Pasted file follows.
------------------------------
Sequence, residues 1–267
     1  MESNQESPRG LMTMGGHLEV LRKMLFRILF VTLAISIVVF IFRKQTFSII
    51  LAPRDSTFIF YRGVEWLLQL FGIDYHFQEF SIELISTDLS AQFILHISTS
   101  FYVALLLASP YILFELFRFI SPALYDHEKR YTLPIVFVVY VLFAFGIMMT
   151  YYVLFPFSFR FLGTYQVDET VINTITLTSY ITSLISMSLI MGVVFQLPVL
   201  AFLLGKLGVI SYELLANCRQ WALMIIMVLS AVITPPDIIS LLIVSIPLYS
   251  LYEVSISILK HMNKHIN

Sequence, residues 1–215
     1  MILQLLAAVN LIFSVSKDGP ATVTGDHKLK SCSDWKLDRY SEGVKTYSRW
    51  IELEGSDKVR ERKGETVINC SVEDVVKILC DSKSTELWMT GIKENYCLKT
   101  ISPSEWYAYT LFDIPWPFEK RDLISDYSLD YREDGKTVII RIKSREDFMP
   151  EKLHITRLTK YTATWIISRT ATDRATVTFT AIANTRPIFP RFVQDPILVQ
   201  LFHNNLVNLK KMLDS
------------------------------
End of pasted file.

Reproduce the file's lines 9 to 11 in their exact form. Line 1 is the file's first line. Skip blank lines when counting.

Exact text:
     1  MILQLLAAVN LIFSVSKDGP ATVTGDHKLK SCSDWKLDRY SEGVKTYSRW
    51  IELEGSDKVR ERKGETVINC SVEDVVKILC DSKSTELWMT GIKENYCLKT
   101  ISPSEWYAYT LFDIPWPFEK RDLISDYSLD YREDGKTVII RIKSREDFMP